CFA knew of contamination; made it worse

An inquiry into the Fiskville firefighting training centre in Victoria will continue on Monday. (AAP)

A former instructor at the CFA Fiskville training ground says he has proof they knew about contaminated water and made it worse by trying to fix it.

Firefighting recruits were put in danger when the Country Fire Authority added bacteria to try to clean up contaminated water at a training centre, a former instructor says.

Mick Tisbury, a Metropolitan Fire Brigade firefighter for 26 years, says the CFA was aware of contamination in the dams as early as 1988 and failed to act, except by adding bacteria Pseudomonas Aeruginosa to try and remove poisonous hydrocarbons from the water.

But he says that plan backfired, causing numerous health problems for trainee firefighters including skin, lung, eye and ear infections, blood poisoning and urinary tract infections.

"As an instructor, I am very concerned that I unknowingly subjected recruits and firefighters to training in contaminated water," Mr Tisbury told a Victorian parliamentary inquiry into the closure of the site.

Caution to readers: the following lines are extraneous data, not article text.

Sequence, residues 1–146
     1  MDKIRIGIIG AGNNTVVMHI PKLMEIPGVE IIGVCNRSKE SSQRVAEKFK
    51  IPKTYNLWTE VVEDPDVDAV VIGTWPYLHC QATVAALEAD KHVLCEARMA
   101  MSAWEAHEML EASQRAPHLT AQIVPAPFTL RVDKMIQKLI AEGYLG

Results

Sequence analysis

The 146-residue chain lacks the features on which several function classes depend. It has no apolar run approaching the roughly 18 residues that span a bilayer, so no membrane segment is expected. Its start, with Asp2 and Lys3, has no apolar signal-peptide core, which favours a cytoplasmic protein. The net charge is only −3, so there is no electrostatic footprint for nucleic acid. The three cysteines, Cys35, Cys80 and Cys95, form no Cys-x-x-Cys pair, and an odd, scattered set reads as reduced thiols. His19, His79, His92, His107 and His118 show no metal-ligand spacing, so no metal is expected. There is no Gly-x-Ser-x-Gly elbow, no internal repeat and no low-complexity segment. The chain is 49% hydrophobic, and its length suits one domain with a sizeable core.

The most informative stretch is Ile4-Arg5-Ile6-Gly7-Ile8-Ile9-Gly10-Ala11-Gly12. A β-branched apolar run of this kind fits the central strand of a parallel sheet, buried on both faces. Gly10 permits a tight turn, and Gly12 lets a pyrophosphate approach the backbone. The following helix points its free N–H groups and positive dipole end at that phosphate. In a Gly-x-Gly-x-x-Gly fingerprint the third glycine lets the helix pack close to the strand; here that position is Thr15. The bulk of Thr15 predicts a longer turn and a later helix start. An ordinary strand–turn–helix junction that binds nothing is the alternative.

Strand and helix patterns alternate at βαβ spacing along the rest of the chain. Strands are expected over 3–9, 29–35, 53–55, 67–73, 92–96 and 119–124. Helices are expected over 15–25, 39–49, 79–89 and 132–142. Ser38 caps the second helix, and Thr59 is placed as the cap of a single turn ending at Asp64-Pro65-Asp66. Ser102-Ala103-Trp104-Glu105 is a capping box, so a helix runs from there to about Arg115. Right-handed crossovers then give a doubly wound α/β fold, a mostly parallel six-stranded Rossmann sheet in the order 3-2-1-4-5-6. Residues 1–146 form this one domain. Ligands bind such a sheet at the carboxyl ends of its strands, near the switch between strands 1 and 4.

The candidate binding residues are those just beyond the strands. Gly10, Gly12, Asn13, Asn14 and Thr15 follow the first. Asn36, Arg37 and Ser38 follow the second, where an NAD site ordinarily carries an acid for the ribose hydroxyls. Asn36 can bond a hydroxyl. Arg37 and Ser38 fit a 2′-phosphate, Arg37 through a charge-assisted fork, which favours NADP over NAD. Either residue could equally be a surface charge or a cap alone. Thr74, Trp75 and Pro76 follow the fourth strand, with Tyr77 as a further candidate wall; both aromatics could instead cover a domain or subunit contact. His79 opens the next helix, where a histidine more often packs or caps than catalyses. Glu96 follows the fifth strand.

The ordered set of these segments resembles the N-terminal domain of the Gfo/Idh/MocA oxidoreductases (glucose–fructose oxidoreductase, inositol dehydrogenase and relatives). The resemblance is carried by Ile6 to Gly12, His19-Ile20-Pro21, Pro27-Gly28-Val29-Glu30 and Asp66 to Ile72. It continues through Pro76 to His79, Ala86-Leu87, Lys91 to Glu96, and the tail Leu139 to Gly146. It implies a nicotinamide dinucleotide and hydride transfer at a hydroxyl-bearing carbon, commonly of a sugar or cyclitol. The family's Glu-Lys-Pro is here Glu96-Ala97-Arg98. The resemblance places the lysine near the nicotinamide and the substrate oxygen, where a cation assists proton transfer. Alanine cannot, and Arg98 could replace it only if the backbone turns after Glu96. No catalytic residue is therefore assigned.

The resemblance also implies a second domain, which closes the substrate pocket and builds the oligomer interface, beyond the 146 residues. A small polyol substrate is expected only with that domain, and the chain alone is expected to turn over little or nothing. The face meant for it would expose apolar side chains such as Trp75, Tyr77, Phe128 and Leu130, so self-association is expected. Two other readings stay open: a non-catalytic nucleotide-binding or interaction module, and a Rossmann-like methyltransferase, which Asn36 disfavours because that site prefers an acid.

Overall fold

One of those recruits could have been Trevor Lansdown, who visited Fiskville many times during the 1980s and says he's still suffering from symptoms linked to contaminated water.

In a submission to the inquiry, Mr Lansdown says he was diagnosed with Merkel Cell Carcinoma, a rare skin cancer usually found in pale women over 50 years of age in the 1990s.

He again became unwell when he returned to Fiskville in 2002, this time with severe stomach pains.

Top ranking CFA officials have previously said they had no knowledge of claims the water was contaminated, and deny they failed to act.

Numerous independent reports dating back to 1988 show the water was unsafe, including five in 1996 that all said urgent action was required.

A report in February 2007 by Ecowise, now known as ALS, said levels of Pseudomonas Aeruginosa in dam one were off the charts, recording 33,000 organisms per 100 millilitres.

The safe level is less than 10 organisms per 100ml.

"The presence of Pseudomonas Aeruginosa at these levels indicates the water is unsuitable for primary contact," the report said.

This was the first time levels of the bacteria were tested at the dam, Mr Tisbury says, and training continued despite the risks to recruits.

"If you bugger up, tell your people," Mr Tisbury said.

Michael Whelan, a former firefighter and union rep, said a worker told him in 1992 chemicals at Fiskville had made him ill.

"I repeatedly and forcefully told the CFA senior management specifically the deputy chairman, chief officer and industrial officer that this had occurred," he said.

Mr Whelan said the matter went nowhere.

The MFB ceased training at Fiskville in October 2012, but CFA recruits continued to train there until it was shut down in March 2015.

Monday was the last day of the hearings and the committee will provide an interim report in the last sitting week of parliament.

Source AAP

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